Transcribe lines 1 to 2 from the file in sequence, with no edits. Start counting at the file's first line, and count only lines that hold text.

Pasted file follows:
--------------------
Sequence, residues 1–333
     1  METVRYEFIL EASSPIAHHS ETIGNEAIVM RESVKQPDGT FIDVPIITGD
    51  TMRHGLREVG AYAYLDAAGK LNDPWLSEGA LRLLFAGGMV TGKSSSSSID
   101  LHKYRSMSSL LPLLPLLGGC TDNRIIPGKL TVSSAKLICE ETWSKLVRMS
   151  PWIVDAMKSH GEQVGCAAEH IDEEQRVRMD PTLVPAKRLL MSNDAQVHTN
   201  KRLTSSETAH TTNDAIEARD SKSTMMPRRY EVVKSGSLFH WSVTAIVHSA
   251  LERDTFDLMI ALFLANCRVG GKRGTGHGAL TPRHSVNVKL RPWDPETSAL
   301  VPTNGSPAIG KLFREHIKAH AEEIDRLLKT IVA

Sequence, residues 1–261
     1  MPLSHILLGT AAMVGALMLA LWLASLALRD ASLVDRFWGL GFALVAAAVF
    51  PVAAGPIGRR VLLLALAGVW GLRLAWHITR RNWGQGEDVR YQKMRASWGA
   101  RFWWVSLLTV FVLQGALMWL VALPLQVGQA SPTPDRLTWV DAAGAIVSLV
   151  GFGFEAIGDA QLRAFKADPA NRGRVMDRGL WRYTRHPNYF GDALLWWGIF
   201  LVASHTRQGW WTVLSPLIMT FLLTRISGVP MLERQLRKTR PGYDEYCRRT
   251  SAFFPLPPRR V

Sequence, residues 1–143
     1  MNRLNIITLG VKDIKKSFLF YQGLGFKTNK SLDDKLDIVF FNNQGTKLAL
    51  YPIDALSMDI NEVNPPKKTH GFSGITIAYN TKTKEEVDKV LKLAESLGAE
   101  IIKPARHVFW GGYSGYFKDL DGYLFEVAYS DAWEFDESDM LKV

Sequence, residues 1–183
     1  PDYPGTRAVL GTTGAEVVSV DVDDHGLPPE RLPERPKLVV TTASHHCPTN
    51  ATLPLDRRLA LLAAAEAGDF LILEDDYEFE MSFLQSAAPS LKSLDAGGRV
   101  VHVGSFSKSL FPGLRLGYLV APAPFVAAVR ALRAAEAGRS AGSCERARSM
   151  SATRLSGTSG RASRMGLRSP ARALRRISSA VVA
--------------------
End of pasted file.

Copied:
Sequence, residues 1–333
     1  METVRYEFIL EASSPIAHHS ETIGNEAIVM RESVKQPDGT FIDVPIITGD